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532 Send Completed Materials to Kate 27 Teach Introduction of Cultured Meat, Lesson 3 28 Students take Animal Industry Pretest (Pre CKAn) Teach Animal Industry, Lesson 1 29 Teach Animal Industry, Lesson 2 30 Teach Animal Industry, Lesson 3 31 Teach Animal Industry, Lesson 4 32 Teach Animal Industry, Lesson 5 33 T each Animal Industry, Lesson 6 34 Teach Animal Industry, Lesson 7 35 Teach Animal Industry, Lesson 8 36 Teach Animal Industry, Lesson 9 37 Teach Introduction of Cultured Meat, Lesson 4 38 Teach Animal Industry, Lesson 10 39 Teach Animal Industr y, Lesson 11 40 Teach Animal Industry, Lesson 12 41 Teach Animal Industry, Lesson 13 42 Teach Animal Industry, Lesson 14 43 Teach Animal Industry, Lesson 15 Students take Animal Industry Posttest (Post CKAn) Send Completed Materials to Kate 44 Te ach Introduction of Cultured Meat, Lesson 5 Students take Posttest Arg 45 Students take Posttest Survey Students take Posttests CKAg, NoS, and SR Teacher takes Post Survey Send Completed Materials to Kate

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533 APPENDIX E CONTENT KNOWLEDGE AS SESSME NTS Agriscience Content a. Increasing food production b. Minimizing environmental impacts c. Improving human health d. All of the above 2. Hidden allergens can be a concern that stems from which group? a. environmental b. human health c. economic d. market sector 3. How can genetically engineered foods benefit the marketplace? a. provide new species with unknown viruses b. provide a new line of diseases c. provide the unexpected side effects of new food sources d. pro vide a more nutritious food 4. Zoonosis is the term that describes ___________________. a. a disease humans can catch from plants. b. a disease of humans that can be transferred to animals. c. an animal disease that can be caught by humans. d. a disease humans can g et from a vegetarian diet. 5. Which of the following is NOT a step in the food supply chain? a. packaging b. grading c. storing d. lumbering 6. This organization ensures that the commercial supply of meat, poultry, and egg products is safe, correctly labeled, and co rrectly packaged. a. Grain Inspection, Packers and Stockyards Administration (GIPSA) b. Foreign Agricultural Service (FAS) c. Food Safety and Inspection Service (FSIS) d. Animal and Plant Health Inspection Service (APHIS) 7. Golden Rice is a transgenic plant that pro duces _____. a. anticancer enzymes b. a substance that helps our bodies produce vitamin A c. a chemical that provides frost tolerance d. a herbicide called Roundup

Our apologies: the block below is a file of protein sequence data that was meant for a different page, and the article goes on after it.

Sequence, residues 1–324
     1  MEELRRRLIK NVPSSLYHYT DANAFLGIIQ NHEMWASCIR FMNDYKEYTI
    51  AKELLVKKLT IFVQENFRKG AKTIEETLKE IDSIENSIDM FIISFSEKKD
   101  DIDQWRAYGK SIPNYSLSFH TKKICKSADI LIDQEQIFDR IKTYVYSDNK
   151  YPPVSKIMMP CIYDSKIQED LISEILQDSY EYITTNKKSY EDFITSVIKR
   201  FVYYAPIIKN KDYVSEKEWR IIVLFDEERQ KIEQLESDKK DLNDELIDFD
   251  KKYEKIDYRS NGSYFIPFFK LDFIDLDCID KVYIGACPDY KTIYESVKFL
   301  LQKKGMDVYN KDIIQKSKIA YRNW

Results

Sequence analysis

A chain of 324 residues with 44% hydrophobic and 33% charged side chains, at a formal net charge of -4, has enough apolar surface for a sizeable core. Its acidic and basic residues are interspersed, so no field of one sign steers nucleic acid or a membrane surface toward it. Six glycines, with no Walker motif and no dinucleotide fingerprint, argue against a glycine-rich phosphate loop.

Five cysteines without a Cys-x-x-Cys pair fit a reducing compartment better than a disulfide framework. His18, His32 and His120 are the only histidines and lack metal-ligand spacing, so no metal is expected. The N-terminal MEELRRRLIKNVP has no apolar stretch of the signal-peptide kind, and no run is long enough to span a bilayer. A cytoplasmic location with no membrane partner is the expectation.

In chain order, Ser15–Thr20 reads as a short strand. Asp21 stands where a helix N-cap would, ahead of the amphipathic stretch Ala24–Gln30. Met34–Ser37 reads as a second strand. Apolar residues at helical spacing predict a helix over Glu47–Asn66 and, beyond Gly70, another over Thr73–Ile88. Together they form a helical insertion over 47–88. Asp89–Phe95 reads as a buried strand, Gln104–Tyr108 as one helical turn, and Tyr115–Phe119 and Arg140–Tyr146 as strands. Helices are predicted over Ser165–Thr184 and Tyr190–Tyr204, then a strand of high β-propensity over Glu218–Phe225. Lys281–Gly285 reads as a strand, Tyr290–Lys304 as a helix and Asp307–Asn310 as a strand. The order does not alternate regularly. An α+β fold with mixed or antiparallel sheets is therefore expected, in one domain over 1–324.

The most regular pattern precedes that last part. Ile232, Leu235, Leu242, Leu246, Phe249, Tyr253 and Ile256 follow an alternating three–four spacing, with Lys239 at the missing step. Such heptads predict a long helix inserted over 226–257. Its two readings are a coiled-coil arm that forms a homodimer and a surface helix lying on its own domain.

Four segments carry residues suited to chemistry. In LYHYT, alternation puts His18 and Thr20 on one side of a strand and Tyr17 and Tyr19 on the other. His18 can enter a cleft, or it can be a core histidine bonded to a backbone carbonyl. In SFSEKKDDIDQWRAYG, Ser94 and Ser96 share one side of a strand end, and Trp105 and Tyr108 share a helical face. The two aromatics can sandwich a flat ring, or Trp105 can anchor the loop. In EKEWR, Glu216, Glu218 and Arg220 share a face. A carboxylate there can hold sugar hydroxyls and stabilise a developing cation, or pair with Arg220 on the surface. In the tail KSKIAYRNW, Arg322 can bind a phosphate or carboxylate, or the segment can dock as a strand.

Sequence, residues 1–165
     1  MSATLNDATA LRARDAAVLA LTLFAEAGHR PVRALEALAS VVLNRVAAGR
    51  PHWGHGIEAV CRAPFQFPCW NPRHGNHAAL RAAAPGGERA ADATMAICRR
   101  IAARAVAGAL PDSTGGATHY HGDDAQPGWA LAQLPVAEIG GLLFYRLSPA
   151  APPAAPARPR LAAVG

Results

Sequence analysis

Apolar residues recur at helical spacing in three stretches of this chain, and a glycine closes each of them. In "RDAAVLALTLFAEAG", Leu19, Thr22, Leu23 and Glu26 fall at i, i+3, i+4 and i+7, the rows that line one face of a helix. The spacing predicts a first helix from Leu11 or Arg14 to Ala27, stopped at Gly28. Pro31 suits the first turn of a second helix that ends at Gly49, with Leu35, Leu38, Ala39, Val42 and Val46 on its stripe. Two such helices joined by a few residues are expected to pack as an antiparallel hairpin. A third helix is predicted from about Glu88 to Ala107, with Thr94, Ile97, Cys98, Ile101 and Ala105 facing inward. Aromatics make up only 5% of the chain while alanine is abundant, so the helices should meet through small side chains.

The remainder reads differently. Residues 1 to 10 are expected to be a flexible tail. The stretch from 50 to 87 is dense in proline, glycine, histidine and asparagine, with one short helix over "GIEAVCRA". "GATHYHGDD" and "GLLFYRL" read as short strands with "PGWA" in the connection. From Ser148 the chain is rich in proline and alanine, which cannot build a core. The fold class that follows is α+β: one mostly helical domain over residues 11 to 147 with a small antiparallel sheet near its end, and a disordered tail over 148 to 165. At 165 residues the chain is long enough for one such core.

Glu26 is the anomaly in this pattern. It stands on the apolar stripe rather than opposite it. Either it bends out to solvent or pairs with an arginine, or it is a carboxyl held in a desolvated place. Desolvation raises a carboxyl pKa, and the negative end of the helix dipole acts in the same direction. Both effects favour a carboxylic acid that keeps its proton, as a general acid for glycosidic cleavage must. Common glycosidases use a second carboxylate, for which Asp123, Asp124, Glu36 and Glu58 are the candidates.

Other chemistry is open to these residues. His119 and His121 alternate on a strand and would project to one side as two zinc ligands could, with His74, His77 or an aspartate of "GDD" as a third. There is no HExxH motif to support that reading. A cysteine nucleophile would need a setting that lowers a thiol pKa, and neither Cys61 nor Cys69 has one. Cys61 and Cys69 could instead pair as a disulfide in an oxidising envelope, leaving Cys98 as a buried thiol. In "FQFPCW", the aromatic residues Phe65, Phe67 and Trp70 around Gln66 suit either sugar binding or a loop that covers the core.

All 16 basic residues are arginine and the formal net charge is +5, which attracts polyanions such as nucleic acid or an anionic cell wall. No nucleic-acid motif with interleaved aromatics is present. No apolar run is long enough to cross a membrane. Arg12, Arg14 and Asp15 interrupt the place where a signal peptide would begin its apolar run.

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534 8. What is a term for animals that have had their genes changed or manipulated? a. clones b. transgenic an imals c. naturally selected d. superovulated 9. In 2006, 252 million acres of GM crops were planted. What percentage of that was in the US? a. 12 % b. 31 % c. 53 % d. 87 % 10. Which of the following diseases has been linked to food recalls due to its presence in beef? a. H1N1 b. Salmonella c. E. coli d. Avian Influenza 11. a. 394 million b. 5 billion c. 7 billion d. 8.9 billion 12. Which of the following is a product that increases profit to producers through the use of waste from animal pr oduction? a. Value added product b. By product c. Sub product d. Waste product 13. What is the correct order of events in the food supply chain? a. retailer, distributor, grader, producer, processor, wholesaler b. producer, grader, processor, distributor, wholesaler, ret ailer c. processor, grader, wholesaler, producer, retailer, distributor d. distributor, producer, retailer, wholesaler, grader, processor 14. What is a byproduct of beef cattle? a. leather b. fur c. hair d. mohair 15. The top three commodities in the United States in te rms of value are _____. a. corn, beef, and milk b. fruits, fodder, and vegetables c. live animals, meat, and dairy products d. peanuts, sugar, and wine